3. Oops what’s the Bulgarian for “Bossy”?

    March 13, 2014 by Christopher Buxton


    Or a case of Bulgarian being more PC than English

    I now understand that the title of my new children’s story will be rightly attacked by a group of feminists, led by no less a person than Beyoncé.  They have called for the word “Bossy” to be banned from all electronic media, arguing that it is part of a male dominated language system designed to undermine the confident self-image of assertive girls and young women.

    Seeing the justice of this view, I bow my head in shame. As Hadley Freeman pointed out in the Guardian what are seen as leadership skills in boys can be dismissed in a single adjective where girls are concerned. Hadley does add though that as a child her greatest role model was Miss Piggy.

    “The Bossy Princess and the Seven Scallywags” is based on the stories I used to tell our ten year old daughter and four year old son in a desperate attempt to stop them fighting as they sat in the back seat of our car on the long journey between England to Bulgaria. I guess the conflicts between order loving sister and disruptive younger brother led to my fairy tale celebration.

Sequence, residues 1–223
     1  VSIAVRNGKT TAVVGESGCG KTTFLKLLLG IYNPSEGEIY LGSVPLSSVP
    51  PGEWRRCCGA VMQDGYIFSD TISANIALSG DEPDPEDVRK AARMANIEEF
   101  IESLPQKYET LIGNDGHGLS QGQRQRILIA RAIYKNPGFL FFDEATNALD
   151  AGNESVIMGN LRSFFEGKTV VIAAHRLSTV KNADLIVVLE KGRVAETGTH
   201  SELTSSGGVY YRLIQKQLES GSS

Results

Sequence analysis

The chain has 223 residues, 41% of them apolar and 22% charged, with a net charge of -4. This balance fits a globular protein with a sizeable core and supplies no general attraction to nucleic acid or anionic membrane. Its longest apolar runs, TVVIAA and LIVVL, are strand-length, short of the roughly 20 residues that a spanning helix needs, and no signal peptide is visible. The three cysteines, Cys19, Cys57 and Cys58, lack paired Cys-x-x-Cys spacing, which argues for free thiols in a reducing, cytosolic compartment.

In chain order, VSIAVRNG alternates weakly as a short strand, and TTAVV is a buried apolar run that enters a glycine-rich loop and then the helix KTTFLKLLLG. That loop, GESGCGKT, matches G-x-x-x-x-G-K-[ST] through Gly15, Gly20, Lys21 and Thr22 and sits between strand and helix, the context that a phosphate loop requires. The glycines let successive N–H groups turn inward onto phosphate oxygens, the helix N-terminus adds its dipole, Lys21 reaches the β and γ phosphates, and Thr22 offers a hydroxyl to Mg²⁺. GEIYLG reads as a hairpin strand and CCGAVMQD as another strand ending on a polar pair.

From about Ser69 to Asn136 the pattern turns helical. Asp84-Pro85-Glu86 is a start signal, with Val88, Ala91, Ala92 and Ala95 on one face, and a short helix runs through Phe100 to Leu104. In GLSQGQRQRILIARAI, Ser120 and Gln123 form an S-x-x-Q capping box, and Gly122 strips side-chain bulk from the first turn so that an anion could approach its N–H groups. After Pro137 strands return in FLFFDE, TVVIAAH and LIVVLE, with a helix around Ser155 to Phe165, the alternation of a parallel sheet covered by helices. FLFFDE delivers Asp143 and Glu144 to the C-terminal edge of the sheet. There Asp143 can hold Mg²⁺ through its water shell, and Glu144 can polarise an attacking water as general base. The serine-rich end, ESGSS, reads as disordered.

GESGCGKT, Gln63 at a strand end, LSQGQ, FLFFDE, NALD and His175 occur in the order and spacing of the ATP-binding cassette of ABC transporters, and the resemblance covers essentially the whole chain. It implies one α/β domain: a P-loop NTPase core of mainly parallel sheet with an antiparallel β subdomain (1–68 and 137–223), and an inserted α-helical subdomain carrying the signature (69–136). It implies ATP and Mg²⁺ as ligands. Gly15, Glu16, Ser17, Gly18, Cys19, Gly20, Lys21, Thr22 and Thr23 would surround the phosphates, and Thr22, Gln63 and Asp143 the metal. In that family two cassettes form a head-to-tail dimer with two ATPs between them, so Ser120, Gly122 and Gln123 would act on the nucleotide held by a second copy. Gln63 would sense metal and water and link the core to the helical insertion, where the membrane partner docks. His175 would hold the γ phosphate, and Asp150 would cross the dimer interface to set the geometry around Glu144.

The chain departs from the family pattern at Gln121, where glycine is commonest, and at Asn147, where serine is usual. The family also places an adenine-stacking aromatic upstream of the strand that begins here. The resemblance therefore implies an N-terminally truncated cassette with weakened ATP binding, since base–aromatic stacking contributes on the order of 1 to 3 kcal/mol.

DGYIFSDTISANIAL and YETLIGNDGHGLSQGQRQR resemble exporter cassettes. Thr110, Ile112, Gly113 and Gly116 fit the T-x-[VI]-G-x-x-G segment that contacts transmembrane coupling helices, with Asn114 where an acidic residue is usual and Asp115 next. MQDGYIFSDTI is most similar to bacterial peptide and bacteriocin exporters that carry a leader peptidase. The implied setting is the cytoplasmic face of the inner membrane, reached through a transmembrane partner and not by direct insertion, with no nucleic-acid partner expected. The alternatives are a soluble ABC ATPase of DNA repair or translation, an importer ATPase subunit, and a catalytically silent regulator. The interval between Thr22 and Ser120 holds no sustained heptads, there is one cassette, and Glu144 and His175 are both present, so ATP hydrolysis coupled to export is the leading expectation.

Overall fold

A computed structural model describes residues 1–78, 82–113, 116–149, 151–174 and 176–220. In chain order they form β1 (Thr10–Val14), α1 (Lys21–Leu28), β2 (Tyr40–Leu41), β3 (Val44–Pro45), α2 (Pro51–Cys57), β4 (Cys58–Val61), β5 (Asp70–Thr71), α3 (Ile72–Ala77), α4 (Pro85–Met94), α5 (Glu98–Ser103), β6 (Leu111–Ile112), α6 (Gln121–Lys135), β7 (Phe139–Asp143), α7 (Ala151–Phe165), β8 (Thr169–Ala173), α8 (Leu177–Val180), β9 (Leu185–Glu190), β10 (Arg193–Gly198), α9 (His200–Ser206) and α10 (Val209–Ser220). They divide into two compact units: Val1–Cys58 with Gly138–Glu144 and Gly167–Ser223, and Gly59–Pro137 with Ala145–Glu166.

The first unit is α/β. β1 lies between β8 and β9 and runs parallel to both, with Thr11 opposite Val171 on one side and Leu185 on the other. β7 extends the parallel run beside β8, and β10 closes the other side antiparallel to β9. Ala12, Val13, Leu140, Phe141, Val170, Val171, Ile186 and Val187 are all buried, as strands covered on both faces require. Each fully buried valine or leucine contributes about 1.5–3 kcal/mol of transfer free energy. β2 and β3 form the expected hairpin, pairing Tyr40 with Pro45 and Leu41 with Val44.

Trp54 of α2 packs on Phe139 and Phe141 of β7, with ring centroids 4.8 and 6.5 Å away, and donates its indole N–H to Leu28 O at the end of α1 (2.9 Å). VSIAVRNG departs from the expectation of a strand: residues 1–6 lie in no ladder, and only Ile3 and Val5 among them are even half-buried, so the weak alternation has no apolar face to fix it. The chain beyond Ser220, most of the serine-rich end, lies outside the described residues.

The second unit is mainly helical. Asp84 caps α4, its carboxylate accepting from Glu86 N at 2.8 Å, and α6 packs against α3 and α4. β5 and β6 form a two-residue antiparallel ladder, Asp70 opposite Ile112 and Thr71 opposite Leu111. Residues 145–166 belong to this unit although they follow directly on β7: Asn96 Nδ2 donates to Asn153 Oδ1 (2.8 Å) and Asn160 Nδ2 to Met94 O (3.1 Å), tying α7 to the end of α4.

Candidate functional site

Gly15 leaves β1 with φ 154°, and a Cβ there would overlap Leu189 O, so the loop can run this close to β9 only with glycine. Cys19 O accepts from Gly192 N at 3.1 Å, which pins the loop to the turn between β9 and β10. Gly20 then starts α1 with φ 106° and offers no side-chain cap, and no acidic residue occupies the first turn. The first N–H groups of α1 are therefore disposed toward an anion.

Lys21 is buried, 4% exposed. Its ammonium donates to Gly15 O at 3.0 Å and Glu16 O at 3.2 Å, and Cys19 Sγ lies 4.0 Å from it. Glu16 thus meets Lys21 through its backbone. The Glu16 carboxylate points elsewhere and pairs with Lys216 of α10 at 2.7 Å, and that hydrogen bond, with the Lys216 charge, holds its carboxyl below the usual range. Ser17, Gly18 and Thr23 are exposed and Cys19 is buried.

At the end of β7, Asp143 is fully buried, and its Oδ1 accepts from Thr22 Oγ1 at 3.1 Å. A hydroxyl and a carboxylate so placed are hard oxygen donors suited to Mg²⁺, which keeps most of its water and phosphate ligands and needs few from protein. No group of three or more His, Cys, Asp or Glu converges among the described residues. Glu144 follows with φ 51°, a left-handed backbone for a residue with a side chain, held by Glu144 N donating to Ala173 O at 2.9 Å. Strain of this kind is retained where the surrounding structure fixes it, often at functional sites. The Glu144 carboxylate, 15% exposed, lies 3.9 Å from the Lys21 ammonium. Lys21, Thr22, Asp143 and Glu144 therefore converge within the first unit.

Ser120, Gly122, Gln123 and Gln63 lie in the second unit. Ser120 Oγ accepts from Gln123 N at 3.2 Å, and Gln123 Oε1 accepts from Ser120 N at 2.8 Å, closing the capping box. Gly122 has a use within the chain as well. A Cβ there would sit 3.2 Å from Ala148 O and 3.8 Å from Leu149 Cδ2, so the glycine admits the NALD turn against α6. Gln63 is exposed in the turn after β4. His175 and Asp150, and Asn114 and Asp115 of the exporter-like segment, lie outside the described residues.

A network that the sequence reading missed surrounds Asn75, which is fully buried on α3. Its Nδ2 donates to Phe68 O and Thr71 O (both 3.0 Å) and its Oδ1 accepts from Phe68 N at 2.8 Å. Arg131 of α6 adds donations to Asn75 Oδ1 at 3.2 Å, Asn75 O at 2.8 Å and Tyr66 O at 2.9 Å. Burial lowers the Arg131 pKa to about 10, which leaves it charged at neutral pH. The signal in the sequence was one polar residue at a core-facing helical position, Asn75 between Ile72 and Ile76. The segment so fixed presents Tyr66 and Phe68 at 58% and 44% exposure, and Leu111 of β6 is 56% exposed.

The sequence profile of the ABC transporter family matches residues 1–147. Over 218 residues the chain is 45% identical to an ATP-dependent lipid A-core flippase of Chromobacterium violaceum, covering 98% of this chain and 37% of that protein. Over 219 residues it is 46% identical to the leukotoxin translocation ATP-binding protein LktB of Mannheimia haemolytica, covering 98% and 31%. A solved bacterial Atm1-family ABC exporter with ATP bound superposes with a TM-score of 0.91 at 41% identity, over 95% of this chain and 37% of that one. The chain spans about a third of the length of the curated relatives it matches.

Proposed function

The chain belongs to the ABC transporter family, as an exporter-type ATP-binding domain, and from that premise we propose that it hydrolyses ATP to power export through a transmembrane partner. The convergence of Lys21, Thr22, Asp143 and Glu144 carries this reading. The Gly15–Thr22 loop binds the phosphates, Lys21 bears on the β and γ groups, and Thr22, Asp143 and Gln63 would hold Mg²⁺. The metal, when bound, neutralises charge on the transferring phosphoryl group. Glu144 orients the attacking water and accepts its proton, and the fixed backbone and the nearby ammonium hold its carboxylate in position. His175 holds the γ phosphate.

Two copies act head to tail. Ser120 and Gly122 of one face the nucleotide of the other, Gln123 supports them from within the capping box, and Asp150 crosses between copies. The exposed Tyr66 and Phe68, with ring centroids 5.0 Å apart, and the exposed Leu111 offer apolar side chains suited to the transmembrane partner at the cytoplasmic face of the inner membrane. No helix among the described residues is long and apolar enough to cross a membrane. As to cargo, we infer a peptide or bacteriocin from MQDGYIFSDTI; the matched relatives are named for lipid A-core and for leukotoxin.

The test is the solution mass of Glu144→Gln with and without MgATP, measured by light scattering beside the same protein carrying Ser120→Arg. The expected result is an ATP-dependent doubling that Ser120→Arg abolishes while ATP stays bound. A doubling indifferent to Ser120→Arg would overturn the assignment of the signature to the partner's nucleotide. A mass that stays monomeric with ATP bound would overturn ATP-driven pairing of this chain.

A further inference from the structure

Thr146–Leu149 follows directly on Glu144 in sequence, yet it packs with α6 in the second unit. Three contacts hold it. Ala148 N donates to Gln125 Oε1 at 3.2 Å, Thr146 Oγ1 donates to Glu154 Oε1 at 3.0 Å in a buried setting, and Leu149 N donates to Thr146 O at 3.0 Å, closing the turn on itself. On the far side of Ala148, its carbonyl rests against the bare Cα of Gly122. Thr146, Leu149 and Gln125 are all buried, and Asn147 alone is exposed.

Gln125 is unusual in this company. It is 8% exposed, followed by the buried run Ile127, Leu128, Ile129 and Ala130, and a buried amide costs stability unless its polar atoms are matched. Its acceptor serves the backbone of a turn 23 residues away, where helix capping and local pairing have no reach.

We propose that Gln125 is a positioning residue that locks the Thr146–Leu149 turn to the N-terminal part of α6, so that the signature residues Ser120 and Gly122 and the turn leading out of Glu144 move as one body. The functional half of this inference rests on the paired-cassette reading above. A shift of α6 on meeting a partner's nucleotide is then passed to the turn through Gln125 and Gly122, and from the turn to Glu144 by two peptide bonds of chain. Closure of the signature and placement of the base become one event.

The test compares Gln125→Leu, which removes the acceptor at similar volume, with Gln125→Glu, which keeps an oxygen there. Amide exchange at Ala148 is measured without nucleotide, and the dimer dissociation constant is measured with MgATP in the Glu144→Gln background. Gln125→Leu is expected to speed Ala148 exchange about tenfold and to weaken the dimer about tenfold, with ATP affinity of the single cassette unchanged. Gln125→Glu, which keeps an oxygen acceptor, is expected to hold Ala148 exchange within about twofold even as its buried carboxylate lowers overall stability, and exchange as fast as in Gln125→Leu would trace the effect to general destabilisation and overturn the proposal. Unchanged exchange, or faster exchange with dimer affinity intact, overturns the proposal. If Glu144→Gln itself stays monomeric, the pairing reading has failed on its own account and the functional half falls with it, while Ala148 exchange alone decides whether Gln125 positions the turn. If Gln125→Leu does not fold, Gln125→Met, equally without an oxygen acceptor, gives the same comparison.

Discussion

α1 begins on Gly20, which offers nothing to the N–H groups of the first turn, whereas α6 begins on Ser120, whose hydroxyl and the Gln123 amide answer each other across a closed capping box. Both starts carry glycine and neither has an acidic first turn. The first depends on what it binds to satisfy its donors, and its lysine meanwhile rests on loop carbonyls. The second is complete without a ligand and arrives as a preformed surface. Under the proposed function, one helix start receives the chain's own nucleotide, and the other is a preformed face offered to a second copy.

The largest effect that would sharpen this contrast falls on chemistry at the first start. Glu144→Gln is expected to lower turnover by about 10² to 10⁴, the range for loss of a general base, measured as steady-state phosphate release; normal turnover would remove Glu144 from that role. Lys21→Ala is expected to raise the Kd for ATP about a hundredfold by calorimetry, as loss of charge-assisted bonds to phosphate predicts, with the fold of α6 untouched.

In conversations with my Bulgarian translator we realised that there was no Bulgarian word for bossy. Clearly Bulgarians have anticipated Beyoncé by thousands of years.  Perhaps the historic assertiveness of most Bulgarian women has rendered the concept of “bossiness” irrelevant if not tautological.

    Well at least if Beyoncé can only read Bulgarian I should be in the clear but should she read the Publisher’s blurb, I can expect trouble.